1. Facilitate data collection for MaPGAS via the Dartmouth Health Gender Affirming Surgery Health, Decision Making and Quality of Life longitudinal Registry (GASH DM QOL).
    2. Evaluate changes in clinical and patient reported outcomes pre and post gender affirming surgery.
    3. Application of decision-making support in patient decision readiness and decisional conflict.



Duncan Morhardt, MD, PhD



Our lab works with zebrafish to understand the development of the urinary system. Our knowledge of the zebrafish urinary system can be extrapolated to and harnessed as interventions in human disease. As part of these investigations, we are characterizing the physiology of the zebrafish bladder. This involves injecting a fluorescent tracer into anesthetized fish, imaging them, and analyzing their bladder behavior after exposure to several clinically relevant medications. During this summer rotation, the selected medical student will engage in basic science studies about zebrafish and vertebrate bladder physiology. The project be tailored to the medical student’s previous research experience (which may be none), skills, interests, and abilities. Some possible activities could include python programming, image analysis, microscopy, animal husbandry, RNA-seq analysis, spatial transcriptomic analysis, bladder physiology measurements and analysis. The technique and scope of the project will be customized to be completed in 4-5 weeks with time reflect and report their findings.



Section of Pediatric Surgery, Department of Surgery

Reto Baertschiger, MD



The division of pediatric general surgery would like to welcome a summer student to be part of our division and participate in one or several research projects.

We will have opportunities to work on three different projects including pediatric general surgery, pediatric surgical oncology and pediatric trauma care.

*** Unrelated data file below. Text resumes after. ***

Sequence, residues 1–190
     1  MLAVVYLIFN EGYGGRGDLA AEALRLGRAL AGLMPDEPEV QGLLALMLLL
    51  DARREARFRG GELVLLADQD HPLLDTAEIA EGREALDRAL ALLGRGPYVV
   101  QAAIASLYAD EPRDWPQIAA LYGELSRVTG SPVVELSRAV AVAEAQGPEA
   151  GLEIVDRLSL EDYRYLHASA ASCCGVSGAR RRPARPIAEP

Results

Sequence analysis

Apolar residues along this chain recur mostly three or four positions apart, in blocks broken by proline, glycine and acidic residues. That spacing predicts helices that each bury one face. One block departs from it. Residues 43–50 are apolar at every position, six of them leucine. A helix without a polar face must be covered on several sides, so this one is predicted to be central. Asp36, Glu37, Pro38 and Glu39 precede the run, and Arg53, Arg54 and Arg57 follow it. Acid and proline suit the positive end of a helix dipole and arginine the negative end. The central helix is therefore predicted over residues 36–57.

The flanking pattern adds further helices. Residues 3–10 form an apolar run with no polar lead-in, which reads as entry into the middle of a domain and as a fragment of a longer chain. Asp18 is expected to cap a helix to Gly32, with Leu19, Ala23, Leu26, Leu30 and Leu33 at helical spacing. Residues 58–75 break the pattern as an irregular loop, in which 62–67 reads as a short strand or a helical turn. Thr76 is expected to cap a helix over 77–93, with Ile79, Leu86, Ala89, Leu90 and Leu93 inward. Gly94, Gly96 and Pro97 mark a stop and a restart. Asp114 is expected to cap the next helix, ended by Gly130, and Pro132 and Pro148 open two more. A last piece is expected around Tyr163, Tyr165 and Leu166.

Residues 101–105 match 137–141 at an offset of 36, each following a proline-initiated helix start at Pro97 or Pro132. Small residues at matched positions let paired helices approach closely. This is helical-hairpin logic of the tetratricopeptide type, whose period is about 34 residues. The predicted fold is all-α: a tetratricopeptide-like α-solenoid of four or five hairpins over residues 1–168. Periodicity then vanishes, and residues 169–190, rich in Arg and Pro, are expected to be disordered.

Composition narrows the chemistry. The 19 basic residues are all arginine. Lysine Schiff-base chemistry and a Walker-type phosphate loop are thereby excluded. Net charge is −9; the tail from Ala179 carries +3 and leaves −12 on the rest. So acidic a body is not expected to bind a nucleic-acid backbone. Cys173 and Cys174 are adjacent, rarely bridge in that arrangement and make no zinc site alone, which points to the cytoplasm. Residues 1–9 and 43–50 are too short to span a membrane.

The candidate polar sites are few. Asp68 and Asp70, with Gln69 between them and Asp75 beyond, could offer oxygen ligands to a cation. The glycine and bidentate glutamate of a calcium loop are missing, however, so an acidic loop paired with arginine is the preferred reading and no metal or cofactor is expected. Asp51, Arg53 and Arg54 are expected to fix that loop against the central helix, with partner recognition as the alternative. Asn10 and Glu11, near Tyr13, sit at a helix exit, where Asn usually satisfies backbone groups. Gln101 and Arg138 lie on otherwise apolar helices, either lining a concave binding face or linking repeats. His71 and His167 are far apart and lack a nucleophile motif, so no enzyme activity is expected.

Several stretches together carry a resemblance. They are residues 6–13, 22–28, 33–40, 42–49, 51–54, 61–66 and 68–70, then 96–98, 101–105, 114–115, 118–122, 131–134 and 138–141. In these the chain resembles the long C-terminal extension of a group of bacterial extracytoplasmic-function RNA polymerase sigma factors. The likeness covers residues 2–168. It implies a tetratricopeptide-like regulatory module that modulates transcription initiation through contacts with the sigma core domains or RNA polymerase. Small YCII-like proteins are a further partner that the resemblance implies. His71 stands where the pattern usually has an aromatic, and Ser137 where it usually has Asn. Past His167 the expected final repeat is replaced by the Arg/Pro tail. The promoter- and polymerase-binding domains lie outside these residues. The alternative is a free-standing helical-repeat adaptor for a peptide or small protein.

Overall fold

1. Pediatric General Surgery:

Appendicitis is one of the most frequently diagnosed surgical problems in children. We have identified that certain bacteria cause more complication in children with perforated appendicitis in children in an unpublished performed in 2018. Briefly, Streptococcus anginosus (SA) is contained in a subgroup of normal gut flora with pathogenic propensity toward abscess formation. The aim of this study is to expand the previously gathered data on children with perforated appendicitis from 2012-2017 to 2018-2024 and to evaluate the clinical significance of SA in the setting of appendicitis at our center.

Methods: This is a retrospective cohort study at DHMC. Patients will be identified by ICD 9/10 code diagnosis of acute perforated appendicitis from 2018-2023. Medical charts will be reviewed to confirm  clinical evidence of appendicitis and patients needed to have a corresponding intra-abdominal or pelvic fluid culture. Patients with positive culture for SA (SA(+)) will be compared to those with negative culture (SA(-)), and followed for a minimum of 6 months. Primary outcomes of interest will be disease severity, including complications, readmission, length of stay (LOS), and duration of antibiotics.

We anticipate 150-180 additional patients to be included in the study.


  1. Pediatric Surgical Oncology: